There are a couple examples of this becoming pretty significant, implications taken a bit far. Take for example the case of recent experiments with night vision chemicals from Science for the Masses. The stuff itself is pretty interesting. But media coverage all focused on an image of Gabriel Licina with black contact lenses in – several representing it as the actual effect of the drug, as opposed to a semi-incidental solution for helping to saturate the eye. The visual drama drowned out the real nature of the innovation, the real research being done. And the end result was a bunch of ill-informed articles about seeing in the dark that neglected the real complications inherent in messing with your eyeballs, which Science for the Masses made serious attempts to inform people about.
There’s another component here, of course. The content treadmill always needs new material. Misrepresenting bodyhacking as some kind of nihilistic drive to self-demolition or wild transhuman abandon is understandable, but shortsighted- especially considering the mainstream traction these ideas are gaining even now. While there’s that possibility inherent in the movement, every movement, subculture, and sect has within it the threads of a bizarre deviancy – the nature of humanity is such that there’s nothing we can’t turn to both good and bad.
Every time there’s a new project, product, or initiative in the world of bodyhacking, the world gets a notion that someone is pushing technology outside their comfort zone. Then you get to see a whole lot of journalists writing what amounts to speculative fiction about how in the future we’ll all have drones instead of hands- a troubling adaptation, to be sure, but hardly the most likely outcome. (Although, I must admit, it sounds pretty rad.).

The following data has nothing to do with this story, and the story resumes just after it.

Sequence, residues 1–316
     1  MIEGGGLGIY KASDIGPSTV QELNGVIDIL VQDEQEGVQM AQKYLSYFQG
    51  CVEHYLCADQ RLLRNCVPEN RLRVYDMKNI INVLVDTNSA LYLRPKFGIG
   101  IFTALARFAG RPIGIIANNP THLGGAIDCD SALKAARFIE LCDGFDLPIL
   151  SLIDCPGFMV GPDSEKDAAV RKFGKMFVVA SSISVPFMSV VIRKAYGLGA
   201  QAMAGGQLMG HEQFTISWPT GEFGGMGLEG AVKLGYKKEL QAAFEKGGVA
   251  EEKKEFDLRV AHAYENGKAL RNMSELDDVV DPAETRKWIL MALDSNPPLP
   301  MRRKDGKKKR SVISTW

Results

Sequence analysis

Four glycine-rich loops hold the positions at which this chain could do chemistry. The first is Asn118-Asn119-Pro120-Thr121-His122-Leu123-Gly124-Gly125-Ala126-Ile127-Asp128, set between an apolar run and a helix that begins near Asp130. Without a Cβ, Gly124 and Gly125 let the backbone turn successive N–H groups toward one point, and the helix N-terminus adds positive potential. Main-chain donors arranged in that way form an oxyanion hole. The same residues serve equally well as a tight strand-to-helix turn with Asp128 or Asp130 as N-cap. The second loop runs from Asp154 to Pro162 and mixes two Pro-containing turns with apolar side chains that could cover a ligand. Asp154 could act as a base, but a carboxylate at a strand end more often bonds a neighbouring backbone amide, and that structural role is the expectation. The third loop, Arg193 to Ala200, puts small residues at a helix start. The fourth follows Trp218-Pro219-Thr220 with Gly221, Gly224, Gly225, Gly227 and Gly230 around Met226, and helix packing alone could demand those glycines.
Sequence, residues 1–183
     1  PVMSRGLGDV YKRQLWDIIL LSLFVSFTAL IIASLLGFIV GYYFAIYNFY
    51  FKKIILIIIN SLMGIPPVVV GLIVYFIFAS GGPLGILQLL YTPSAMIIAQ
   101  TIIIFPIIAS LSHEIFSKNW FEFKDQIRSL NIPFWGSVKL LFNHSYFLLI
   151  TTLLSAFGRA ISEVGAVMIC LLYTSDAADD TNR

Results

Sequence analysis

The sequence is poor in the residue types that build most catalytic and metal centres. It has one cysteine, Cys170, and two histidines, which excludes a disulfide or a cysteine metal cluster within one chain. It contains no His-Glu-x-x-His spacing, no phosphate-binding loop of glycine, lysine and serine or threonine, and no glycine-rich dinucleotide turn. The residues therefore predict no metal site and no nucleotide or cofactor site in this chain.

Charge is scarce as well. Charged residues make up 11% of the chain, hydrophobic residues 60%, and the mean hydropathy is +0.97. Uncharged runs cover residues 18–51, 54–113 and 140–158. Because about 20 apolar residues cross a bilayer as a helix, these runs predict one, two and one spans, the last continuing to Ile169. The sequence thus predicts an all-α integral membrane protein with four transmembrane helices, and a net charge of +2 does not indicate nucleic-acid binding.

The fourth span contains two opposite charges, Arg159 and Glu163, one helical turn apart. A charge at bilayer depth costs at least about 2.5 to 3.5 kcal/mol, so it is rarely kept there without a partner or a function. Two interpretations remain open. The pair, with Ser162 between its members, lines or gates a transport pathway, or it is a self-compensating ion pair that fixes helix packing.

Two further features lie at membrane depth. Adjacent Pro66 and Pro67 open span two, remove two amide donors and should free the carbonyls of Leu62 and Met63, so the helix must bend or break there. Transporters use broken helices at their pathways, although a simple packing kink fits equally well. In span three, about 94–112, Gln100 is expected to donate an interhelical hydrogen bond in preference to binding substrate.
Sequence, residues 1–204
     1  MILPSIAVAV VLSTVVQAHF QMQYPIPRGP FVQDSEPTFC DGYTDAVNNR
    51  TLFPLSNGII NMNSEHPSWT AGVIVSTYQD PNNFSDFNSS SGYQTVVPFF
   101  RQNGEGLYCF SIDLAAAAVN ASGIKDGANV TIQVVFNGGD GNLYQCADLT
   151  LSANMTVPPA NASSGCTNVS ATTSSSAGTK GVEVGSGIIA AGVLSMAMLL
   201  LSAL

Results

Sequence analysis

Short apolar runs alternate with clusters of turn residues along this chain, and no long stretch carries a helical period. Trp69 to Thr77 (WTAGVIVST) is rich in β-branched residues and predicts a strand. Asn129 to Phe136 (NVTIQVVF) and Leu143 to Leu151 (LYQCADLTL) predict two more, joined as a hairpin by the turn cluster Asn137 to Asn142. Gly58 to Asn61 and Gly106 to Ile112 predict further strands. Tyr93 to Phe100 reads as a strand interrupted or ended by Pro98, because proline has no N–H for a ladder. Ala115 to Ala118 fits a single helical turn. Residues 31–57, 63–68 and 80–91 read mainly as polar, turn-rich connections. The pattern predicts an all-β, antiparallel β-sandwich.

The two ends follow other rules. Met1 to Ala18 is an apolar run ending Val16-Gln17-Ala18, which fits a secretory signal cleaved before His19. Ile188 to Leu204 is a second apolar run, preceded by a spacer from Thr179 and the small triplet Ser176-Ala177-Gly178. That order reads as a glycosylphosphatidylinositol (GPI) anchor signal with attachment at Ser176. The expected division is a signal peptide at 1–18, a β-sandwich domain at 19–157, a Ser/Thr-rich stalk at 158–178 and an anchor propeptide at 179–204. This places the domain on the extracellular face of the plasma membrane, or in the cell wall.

But the majority of the bodyhacking community are not atypical – unusual, perhaps, but hardly radical, or cultists. They tend to be people who embrace the unstoppable human urge to improve. A lot of bodyhackers are technical people, people who have trained themselves to see the world as a series of systems that can be improved upon. Even the body, from the right point of view, is just DNA software running on a protein substrate. Pushing the limit to become a better person is something everyone does- bodyhackers just have better data.
The cliche of “bleeding edge” is especially salient when we have real people with real scalpels experimenting with transdermal charging, lighting, and data transfer. The lines between art, science, medicine, and science fiction becomes less a divider and more a spirograph, intersecting in strange new patterns. Of course, each new intersection will provoke a cry of outrage of one kind or another, but the evolving pattern is clear. Humans want to be better, and will be, and hacking the way our bodies work will be part of it- and along the way, if a few shrieking headlines and scary pictures of implants get emailed around, so much the better. Life should be sensational.